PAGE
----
Bland–Altman limits of agreement plots of measurement error for repeated measures of tinnitus loudness at (predose) screening and Day 1 visits. The top panel presents loudness matching for decibel hearing level (dB HL), the middle panel loudness matching for decibel sensation level (dB SL), and the bottom panel loudness rating. Dashed line = mean difference (see Table 1 for actual values). Solid black lines = the 95% limits of agreement.
Figure 1.

Bland–Altman limits of agreement plots of measurement error for repeated measures of tinnitus loudness at (predose) screening and Day 1 visits. The top panel presents loudness matching for decibel hearing level (dB HL), the middle panel loudness matching for decibel sensation level (dB SL), and the bottom panel loudness rating. Dashed line = mean difference (see Table 1 for actual values). Solid black lines = the 95% limits of agreement.

×
SDC represents the smallest change in score that is beyond measurement error and is given by the formula SDCind = 1.96 × √2 × SEMAgreement. Table 1 shows that SDC values for tinnitus loudness matching and loudness rating were always comparable to the LoA values, just one point or so greater.
Interpreting the Measurement Errors
Terwee's criteria for acceptable confidence in the observed estimates of psychometric reliability require that the LoA is higher than the reported SEM values and that the SDC values are broadly equivalent to their LoA counterparts (Terwee et al., 2007). In summary, these criteria were achieved for all loudness measures. Expressing tinnitus loudness matching in dB HL or SL made no material difference for this group of participants. Although Henry et al. (1999)  had expressed a concern that loudness expressed in dB SL introduced another source of within-subject variability, we found no evidence to suggest that this affected overall reliability.
The Effects of Test–Retest Interval on Reliability
All estimates were consistent with a rather high measurement error relative to the absolute mean score on each loudness measurement. Because patients were reassessed across a rather wide interval (3–35 days), and because Terwee et al. (2007)  recommend an interval of up to 2 weeks for such an analysis, we wondered whether longer test–retest intervals were associated with a higher measurement error than shorter intervals. To address this question, the dataset was split into two subgroups (3–19 days and 20–35 days, comprising n = 47 and n = 44 patients, respectively) for a post hoc analysis. Results for tinnitus loudness matching (presented in Table 2) fail to show any substantive difference in reliability across the two subgroups. Thus our previous findings were confirmed.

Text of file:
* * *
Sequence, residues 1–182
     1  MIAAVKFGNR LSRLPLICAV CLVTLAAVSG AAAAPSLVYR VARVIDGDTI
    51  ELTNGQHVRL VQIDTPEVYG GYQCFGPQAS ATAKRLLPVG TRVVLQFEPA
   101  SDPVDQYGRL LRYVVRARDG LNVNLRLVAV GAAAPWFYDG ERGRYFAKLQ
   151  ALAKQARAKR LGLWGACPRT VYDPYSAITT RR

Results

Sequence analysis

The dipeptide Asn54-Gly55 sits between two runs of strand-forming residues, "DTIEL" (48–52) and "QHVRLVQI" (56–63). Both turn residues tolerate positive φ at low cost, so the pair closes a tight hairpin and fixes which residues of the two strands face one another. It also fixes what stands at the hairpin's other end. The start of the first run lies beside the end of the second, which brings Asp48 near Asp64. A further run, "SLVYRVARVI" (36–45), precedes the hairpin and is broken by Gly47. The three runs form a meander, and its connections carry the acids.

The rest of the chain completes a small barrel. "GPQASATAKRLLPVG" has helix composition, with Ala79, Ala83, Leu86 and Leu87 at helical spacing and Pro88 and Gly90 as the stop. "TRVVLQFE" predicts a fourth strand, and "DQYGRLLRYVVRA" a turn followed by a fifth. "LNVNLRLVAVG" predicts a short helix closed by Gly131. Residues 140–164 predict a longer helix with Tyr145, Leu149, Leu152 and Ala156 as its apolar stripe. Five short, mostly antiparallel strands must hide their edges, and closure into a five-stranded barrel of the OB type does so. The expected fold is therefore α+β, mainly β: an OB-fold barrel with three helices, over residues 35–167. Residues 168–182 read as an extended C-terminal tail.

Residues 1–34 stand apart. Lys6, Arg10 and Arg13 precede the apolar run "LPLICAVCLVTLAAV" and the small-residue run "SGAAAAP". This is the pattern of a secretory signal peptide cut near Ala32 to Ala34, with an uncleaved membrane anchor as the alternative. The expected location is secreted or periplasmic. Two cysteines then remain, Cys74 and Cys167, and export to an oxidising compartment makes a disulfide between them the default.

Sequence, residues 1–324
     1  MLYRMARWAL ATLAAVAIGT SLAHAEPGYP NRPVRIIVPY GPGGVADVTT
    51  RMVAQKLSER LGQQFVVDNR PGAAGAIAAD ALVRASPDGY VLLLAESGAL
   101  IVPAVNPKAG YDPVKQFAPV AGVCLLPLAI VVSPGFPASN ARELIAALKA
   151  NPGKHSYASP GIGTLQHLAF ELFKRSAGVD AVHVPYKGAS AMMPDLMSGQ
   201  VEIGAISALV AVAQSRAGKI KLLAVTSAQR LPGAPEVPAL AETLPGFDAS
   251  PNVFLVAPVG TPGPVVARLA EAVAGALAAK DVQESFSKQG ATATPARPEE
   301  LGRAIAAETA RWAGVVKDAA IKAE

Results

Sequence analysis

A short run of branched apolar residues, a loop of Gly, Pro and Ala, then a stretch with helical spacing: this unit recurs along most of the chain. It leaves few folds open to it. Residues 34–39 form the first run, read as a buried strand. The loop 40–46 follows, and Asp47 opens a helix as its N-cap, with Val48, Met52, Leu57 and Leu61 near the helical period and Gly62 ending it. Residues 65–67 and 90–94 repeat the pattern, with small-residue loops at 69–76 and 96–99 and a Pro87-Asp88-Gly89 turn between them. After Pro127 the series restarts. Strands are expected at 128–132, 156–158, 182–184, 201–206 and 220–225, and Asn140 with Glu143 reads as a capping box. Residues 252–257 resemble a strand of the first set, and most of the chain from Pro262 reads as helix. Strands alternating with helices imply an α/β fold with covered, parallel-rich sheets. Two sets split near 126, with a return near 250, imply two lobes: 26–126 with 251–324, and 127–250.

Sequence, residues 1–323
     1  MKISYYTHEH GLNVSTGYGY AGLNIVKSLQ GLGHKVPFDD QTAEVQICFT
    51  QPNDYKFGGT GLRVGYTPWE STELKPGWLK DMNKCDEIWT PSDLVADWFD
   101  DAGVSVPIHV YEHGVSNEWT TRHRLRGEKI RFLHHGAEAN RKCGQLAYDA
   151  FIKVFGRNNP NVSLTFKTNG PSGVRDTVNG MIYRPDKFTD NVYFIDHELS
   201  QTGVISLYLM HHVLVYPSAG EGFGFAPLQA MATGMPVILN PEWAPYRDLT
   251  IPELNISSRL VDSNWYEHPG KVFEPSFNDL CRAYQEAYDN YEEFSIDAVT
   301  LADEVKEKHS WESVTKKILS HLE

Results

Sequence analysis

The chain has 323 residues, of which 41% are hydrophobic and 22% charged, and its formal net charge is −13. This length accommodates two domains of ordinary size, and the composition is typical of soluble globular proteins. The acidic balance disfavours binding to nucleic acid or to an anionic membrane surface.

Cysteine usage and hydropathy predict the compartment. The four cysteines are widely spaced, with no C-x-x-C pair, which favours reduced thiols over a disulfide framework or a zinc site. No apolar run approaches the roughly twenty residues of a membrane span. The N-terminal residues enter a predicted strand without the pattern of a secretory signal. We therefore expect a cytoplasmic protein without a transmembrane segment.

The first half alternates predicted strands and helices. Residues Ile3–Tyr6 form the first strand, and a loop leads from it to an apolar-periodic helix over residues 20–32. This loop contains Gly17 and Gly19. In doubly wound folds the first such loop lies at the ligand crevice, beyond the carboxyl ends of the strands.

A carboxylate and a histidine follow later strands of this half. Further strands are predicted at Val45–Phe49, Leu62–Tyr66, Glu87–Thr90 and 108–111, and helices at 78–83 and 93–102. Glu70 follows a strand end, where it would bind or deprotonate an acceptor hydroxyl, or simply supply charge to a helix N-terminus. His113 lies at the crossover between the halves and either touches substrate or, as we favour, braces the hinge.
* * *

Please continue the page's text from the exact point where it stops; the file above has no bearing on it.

Table 2. Descriptive statistics (M, SD, difference), reliability (ICC), and measurement error (SEM, SDC, LoA) for tinnitus loudness matching tests separated according to short (3–19 days) and long (20–35 days) durations of the interval between test (screening visit) and retest (Day 1 visit). a
Descriptive statistics (M, SD, difference), reliability (ICC), and measurement error (SEM, SDC, LoA) for tinnitus loudness matching tests separated according to short (3–19 days) and long (20–35 days) durations of the interval between test (screening visit) and retest (Day 1 visit). a ×
Test N Screening, M (SD) Day 1, M (SD) M diff SE diff SD diff ICC [95% CI) SEM Con SEM Agree SDC LoA LoA lower limit [95%CI) LoA upper limit [95%CI) LoA%
Short test–retest interval (3–19 days)
 Loudness matching (dB HL) 47, 45 29.38 (13.72) 28.13 (13.14) 1.04 1.59 10.65 0.68 [0.49, 0.81) 7.53 8.98 24.89 21.30 −20.26 [−25.76, −14.76 ) 22.34 [16.84, 27.84) 91.0
 Loudness matching (dB SL) 47,45 18.06 (11.08) 17.11 (11.06) 1.22 1.46 9.83 0.61 [0.39, 0.77) 6.95 9.05 25.08 19.66 −18.44 [−23.54, −13.34 ) 20.88 [15.78, 25.98) 91.0
 Loudness rating 47, 47 6.40 (1.50) 6.18 (1.58) 0.22 0.23 1.60 0.46 [0.20, 0.66) 1.13 1.57 4.34 3.20 −2.98 [−3.78, −2.18 ) 3.42 [2.62, 4.22) 91.0